U.S. manufacturing activity slowed in October as record-long materials lead times, shipping bottlenecks and component shortages took their toll on factories. The Institute for Supply Management’s PMI dipped 0.3 percent to 60.8. last month although long-term demand signals remain robust.
“New order levels remain expansive and low-customer inventories are positive for future production,” said Tim Fiore, chair of the ISM’s manufacturing survey committee. Although new orders dropped by 6.9 percent to 59.8, any number above 50 indicates manufacturing expansion.
Computers and technology was one of the top-performing sectors for October but still faces an uphill battle for supply. “Global supply chain issues continue,” one tech executive told the ISM. “Getting anything from China is near impossible — extreme delays. Microchip and circuit breaker shortages continue and are expected to continue into 2022.”
Intel Corp. recently extended its chip-shortage forecast to 2023. “We’re in the worst of it now; every quarter next year, we’ll get incrementally better, but they’re not going to have supply-demand balance until 2023,” Intel CEO Pat Gelsinger told CNBC.
Fiore said ISM panel comments pertaining to chips declined from September. “[Factories] are either getting used to it or things have abated somewhat.” Distributors and analysts report the severity of shortages varies from product to product.
The ISM reported 26 commodities were in short supply in October, some for as long as 13 straight months. That compared to 24 in September.
It’s still a seller’s market for everything from chemicals to semiconductors, said Fiore, and prices paid by manufacturers jumped by 4.5 percent to 85.7. The pause in new orders, said Fiore, could indicate buyers expect prices to decline following the holiday season, which lasts through the Chinese New Year. “You already know what your budget is for Q1 2022,” he explained. “Why lock yourself in to prices now — looking farther ahead — when there’s a chance prices may normalize?”
Supply chain intelligence firm Supplyframe paints a grim picture for electronics buyers. Sixty-six percent of the pricing dimensions it measures are set to increase for the first half of 2022. This is occurring as the industry grapples with Delta variant disruptions, expanding Chinese electricity consumption restrictions, massive end-of-life announcements for programmable logic and other devices and prices rising by as much as 100 percent, the firm added.
“Earlier outlooks suggested possible semiconductor and electronics components industry stabilization by mid-2022. But [SupplyFrame’s] latest Commodity IQ report shows that stabilization is now unlikely to begin until the first half of 2023,” said CEO and Founder Steve Flagg. ISM reports price increases have successfully been passed on to customers.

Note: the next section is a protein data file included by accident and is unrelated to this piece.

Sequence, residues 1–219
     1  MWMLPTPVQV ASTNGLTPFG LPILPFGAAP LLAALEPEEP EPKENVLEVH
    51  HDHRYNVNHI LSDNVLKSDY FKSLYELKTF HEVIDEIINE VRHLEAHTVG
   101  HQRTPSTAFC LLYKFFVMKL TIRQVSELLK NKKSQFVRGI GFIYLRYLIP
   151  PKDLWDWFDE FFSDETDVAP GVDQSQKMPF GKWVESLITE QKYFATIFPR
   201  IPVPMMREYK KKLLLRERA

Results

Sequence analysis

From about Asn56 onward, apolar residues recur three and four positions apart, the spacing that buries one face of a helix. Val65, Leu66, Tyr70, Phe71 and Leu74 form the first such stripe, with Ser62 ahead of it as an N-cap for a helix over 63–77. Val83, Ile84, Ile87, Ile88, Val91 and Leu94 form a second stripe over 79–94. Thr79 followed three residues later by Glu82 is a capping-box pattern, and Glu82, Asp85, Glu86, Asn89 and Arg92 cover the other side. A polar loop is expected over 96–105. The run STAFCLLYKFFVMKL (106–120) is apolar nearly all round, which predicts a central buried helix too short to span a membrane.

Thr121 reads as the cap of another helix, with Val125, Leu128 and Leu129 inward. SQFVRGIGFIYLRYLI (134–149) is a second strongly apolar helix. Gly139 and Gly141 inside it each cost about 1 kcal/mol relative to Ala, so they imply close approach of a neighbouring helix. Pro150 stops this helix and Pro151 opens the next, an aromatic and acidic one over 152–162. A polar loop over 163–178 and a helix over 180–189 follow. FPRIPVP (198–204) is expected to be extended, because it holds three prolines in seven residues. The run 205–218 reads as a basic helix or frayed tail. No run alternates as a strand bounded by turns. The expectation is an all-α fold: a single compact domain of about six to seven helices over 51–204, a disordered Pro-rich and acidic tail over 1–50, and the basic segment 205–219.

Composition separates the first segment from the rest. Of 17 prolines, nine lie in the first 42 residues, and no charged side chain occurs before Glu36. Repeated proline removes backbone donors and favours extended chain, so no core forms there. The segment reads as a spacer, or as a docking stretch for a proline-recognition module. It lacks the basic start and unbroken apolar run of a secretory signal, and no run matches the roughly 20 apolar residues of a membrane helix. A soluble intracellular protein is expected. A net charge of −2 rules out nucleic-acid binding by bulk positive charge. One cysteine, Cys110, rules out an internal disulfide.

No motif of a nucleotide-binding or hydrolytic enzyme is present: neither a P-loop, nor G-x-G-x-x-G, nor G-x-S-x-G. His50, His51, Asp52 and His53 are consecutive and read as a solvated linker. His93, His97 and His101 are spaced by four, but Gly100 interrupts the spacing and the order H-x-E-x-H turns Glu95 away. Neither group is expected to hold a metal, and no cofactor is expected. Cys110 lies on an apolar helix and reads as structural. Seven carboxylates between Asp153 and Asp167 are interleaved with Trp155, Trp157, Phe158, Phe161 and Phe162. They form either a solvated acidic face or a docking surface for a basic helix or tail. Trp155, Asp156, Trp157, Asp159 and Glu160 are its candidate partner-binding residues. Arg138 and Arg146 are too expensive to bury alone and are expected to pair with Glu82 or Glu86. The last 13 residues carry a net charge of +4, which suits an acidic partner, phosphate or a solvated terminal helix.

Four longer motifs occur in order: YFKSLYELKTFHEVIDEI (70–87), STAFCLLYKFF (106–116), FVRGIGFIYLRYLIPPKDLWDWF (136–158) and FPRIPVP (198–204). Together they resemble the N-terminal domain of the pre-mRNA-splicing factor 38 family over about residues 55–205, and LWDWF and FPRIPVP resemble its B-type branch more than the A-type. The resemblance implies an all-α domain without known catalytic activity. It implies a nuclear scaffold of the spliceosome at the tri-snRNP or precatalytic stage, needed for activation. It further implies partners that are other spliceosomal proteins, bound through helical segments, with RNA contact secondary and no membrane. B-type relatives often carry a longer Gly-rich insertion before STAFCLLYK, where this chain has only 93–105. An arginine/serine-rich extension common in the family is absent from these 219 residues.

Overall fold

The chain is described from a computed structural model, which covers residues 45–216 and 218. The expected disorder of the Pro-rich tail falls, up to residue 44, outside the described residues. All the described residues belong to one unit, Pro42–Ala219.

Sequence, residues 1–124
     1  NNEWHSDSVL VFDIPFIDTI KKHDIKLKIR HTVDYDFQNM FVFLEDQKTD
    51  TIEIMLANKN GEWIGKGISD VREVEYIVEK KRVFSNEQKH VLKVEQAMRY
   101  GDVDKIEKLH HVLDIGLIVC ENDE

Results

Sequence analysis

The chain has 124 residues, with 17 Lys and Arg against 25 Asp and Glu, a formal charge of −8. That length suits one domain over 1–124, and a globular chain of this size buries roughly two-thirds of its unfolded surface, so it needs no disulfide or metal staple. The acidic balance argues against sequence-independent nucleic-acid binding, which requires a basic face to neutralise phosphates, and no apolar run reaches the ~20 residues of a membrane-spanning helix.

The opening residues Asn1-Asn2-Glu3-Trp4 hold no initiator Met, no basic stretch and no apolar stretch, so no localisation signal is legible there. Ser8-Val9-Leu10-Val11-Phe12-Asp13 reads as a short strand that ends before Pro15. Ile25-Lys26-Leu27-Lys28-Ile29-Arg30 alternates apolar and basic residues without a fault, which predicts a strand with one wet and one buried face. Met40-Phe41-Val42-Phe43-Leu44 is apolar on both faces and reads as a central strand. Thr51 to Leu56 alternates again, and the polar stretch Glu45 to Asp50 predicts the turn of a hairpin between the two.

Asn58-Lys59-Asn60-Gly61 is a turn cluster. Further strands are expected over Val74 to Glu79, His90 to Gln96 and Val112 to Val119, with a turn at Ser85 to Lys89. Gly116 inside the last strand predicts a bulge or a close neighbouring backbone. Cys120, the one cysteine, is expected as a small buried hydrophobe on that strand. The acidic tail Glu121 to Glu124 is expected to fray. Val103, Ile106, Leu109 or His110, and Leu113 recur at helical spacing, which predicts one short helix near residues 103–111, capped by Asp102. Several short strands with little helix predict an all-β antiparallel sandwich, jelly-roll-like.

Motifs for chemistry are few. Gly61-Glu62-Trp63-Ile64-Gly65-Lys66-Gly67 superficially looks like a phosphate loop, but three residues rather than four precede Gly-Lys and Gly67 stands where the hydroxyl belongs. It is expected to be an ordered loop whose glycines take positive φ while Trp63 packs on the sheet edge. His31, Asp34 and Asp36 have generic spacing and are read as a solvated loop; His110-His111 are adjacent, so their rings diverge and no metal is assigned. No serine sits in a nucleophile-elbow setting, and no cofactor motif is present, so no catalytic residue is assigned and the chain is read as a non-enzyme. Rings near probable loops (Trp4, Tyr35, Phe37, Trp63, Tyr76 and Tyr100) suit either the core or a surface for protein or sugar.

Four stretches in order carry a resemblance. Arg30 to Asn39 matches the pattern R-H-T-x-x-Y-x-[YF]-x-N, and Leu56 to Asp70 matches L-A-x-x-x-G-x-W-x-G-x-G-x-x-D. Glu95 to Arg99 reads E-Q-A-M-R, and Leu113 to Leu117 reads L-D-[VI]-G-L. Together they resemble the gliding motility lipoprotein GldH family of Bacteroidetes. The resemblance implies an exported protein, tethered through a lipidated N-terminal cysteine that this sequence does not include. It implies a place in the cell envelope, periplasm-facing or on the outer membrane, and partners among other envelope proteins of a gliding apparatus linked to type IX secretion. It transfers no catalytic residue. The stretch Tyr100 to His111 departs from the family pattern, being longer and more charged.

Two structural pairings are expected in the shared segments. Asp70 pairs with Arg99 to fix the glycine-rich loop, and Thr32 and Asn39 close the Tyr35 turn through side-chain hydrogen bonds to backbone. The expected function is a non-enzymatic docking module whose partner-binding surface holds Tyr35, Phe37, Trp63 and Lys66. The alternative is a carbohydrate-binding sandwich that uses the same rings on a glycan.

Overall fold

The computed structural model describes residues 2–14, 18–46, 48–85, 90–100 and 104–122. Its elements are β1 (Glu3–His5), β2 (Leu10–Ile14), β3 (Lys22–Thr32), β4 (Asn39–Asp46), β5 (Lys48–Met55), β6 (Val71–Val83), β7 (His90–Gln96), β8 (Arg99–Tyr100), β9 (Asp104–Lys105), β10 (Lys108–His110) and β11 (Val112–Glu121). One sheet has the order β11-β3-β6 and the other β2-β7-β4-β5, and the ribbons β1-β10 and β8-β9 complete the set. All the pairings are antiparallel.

Factory employment levels increased 1.8 percent in October to 52 percent, although manufacturers continue to report high levels of employee turnover and retirement. “Wages have been going up,” said Fiore, “so now people are job-hopping for higher wages. In return, manufacturers that want to retain employees they’ve invested in are raising salaries as well.” Expectations of a surge of workers following the expiration of enhanced benefits hasn’t materialized. Competition for employees is not expected to abate, Fiore added.
Although ocean freight rates declined the last week of October – by 6 percent from Asia to the U.S. — port congestion at LA/Long Beach continues to cause delays and contribute to elevated rates by sapping capacity, according to cargo marketplace Freightos. A lack of space for arriving containers at the ports has emerged as the main choke point, slowing how quickly ships can be unloaded and keeping 79 ships – a new record – waiting in the bay.
Shortages of trucking and warehouse capacity to move containers away are big contributors to the backup. In trucking there’s a shortage of both drivers and chassis, exacerbated by the lack of space at warehouses where empty containers often get stored on chassis when there’s no place to stack them. And to complete the loop, the empty containers are often sitting at warehouses because of a limit on how many empties can be returned to the already-full ports.
ISM manufacturing panelists remain optimistic despite supply chain headwinds with four positive growth comments for every cautious comment in October. Demand expanded, with new and export orders expanding; backlog levels remaining high and customer inventory levels too low.
Inputs — expressed as supplier deliveries, inventories and imports — continued to constrain production expansion, especially with a contraction in imports, compared with September. Factory inventory levels expanded in October work-in-process was held longer due to key part shortages and more finished goods inventory held due to downstream customer issues.
“Demand continues to be strong, but we continue to be held back by supply chain issues — logistics delays, as well as capacity and labor issues at suppliers,” said a manufacturer of electrical equipment.